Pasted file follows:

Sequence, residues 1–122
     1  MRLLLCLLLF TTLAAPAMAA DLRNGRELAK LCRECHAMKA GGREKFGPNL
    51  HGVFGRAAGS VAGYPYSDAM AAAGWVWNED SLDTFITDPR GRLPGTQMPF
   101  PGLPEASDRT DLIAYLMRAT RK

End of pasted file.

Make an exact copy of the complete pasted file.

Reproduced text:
Sequence, residues 1–122
     1  MRLLLCLLLF TTLAAPAMAA DLRNGRELAK LCRECHAMKA GGREKFGPNL
    51  HGVFGRAAGS VAGYPYSDAM AAAGWVWNED SLDTFITDPR GRLPGTQMPF
   101  PGLPEASDRT DLIAYLMRAT RK